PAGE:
I’ve written so many posts about DC Comics’ daring new weekly series that I’m not sure there’s much more to say. It may seem strange to use the word “daring” to describe a mainstream superhero comic — more so when it’s a summer miniseries, which usually means a status quo-rattling slugfest. But with Wednesday Comics, “daring” is the perfect choice.
The brainchild of DC Comics Editorial Art Director Mark Chiarello, the man behind the critically acclaimed Solo, Wednesday Comics harks back to the glory days of the Sunday newspaper comics section. While some publishers are fixated (and rightly so) on alternate distribution, making a successful leap to the Internet, and what the next platform will be, DC and Chiarello take a step back — several decades back — if only for 12 weeks. Wednesday Comics unfolds from 7 inches by 10 inches to 28 inches by 20 inches, with each of the 15 stories getting its own 14-inch by 20-inch page.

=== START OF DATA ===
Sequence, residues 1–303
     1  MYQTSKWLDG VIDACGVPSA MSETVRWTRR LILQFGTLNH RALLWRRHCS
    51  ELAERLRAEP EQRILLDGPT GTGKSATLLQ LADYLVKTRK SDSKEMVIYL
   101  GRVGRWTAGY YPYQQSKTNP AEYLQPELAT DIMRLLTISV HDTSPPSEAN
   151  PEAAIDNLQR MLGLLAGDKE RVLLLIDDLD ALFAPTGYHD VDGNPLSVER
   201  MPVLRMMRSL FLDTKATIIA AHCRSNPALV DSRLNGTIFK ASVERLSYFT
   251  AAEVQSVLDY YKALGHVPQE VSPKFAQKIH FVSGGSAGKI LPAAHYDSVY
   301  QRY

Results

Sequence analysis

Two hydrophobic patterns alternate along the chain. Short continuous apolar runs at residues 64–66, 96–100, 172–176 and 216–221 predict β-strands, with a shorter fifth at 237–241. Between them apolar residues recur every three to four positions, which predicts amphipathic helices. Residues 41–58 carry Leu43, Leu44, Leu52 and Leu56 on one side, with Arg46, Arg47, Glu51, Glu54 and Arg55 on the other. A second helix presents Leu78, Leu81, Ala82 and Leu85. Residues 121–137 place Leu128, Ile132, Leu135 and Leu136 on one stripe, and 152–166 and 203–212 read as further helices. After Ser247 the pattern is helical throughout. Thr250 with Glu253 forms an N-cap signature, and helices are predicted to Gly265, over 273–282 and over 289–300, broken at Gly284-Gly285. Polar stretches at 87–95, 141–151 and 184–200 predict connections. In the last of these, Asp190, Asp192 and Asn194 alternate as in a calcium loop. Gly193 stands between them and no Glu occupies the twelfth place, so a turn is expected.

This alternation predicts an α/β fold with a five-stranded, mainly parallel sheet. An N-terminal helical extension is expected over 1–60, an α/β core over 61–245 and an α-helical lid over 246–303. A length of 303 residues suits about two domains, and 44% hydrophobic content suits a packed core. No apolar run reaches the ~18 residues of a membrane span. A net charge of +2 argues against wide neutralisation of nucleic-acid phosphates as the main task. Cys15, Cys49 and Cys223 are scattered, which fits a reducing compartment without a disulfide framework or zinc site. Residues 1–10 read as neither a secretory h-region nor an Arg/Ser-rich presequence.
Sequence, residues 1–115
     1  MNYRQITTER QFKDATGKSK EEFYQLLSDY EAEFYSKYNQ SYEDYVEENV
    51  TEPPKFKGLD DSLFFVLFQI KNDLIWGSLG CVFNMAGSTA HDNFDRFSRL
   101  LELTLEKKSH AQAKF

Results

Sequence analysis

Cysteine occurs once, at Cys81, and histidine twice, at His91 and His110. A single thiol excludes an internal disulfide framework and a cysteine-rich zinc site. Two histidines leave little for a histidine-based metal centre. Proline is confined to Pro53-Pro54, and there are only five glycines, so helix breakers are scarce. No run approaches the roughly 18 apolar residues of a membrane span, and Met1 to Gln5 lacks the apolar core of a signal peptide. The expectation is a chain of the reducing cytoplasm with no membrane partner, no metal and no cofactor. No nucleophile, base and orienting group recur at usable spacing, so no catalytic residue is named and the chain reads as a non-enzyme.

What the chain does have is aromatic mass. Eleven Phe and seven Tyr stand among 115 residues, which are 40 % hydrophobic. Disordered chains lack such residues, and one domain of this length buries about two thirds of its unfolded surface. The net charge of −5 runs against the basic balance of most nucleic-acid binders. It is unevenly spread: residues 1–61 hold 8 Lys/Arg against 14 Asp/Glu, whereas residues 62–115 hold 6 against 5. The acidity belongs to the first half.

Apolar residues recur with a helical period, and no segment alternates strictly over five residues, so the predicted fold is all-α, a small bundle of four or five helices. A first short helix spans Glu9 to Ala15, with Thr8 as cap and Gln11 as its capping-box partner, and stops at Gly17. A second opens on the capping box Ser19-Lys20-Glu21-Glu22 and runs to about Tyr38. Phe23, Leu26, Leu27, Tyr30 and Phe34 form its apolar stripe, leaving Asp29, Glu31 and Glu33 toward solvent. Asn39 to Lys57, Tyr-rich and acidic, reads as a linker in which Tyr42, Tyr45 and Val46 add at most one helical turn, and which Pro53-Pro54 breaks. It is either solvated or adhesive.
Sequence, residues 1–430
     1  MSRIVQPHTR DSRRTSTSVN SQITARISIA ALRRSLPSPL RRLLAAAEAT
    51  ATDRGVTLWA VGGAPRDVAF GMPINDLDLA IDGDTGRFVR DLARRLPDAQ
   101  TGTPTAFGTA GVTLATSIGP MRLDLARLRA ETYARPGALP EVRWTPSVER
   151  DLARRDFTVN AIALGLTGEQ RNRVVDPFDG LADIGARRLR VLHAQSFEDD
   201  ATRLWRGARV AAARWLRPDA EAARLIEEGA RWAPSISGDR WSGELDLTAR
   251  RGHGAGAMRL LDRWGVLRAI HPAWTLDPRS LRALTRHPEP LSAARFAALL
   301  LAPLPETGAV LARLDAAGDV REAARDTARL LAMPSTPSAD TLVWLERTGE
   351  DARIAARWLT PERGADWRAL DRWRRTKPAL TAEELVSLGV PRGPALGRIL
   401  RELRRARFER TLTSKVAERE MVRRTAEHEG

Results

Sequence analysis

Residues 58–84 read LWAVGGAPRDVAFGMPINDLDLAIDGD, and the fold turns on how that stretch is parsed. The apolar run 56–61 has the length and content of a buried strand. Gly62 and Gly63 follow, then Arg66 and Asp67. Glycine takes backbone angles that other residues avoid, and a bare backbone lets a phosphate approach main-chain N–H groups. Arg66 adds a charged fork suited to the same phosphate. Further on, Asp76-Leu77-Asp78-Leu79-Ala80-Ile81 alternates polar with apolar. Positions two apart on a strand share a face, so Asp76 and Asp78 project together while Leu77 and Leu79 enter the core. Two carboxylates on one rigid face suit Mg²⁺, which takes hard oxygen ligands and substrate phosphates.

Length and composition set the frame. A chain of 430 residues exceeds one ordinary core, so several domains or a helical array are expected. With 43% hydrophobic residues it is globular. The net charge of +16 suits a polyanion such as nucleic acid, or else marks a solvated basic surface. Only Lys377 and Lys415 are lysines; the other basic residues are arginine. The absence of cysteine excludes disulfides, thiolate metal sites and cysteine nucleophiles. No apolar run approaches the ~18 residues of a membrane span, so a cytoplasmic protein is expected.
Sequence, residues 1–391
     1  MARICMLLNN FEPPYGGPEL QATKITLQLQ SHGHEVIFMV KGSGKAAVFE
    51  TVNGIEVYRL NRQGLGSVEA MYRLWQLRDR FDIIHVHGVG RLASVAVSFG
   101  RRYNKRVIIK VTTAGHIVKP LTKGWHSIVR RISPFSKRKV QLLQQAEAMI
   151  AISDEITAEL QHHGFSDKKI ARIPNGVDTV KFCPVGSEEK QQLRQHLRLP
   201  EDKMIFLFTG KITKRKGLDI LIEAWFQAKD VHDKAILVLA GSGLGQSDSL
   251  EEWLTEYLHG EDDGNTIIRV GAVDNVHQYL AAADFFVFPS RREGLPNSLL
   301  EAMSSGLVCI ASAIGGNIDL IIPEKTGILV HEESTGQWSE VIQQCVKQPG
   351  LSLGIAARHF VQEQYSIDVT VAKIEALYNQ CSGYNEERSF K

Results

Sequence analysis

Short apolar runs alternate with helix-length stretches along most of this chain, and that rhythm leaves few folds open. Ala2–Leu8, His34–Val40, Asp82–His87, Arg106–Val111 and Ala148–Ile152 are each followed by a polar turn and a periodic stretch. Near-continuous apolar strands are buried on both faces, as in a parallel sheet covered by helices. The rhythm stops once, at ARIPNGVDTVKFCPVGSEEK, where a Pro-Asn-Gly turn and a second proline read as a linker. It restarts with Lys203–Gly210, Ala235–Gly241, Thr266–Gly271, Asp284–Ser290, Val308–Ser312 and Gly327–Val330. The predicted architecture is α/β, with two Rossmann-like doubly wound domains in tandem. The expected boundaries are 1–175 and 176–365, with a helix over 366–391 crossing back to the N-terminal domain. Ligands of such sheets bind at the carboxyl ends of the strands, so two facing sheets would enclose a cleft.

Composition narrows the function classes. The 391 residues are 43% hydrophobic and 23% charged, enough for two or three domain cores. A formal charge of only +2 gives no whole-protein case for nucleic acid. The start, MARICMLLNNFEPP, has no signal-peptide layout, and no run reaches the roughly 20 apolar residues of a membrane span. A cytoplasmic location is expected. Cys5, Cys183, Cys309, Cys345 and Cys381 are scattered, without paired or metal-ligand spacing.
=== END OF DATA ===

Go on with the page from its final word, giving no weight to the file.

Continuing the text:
And they’re not just any stories; they’re stories told by some of the best names in comics: Batman, by Brian Azzarello and Eduardo Risso; Metamorpho, by Neil Gaiman and Michael Allred; Adam Strange, by Paul Pope; Kamandi, by Dave Gibbons and Ryan Sook; The Demon and Catwoman, by Walter Simonson and Brian Stelfreeze; Sgt. Rock, by Adam Kubert and Joe Kubert. The list goes on.
Really, I can’t imagine anything competing with Wednesday Comics for my pick of the week.
Chris Mautner’s pick of the week: Asterios Polyp
Well, after going on and on about Rubber Blanket like that last week, it would be odd of me not to make David Mazzucchelli’s latest and long-anticipated graphic novel my pick of the week, wouldn’t it? A middle-aged architect and womanizer has his life upended when his New York apartment burns down and he has to relocate into the American heartland. The word on the street is practically glowing with praise. I’m really rather excited to check it out.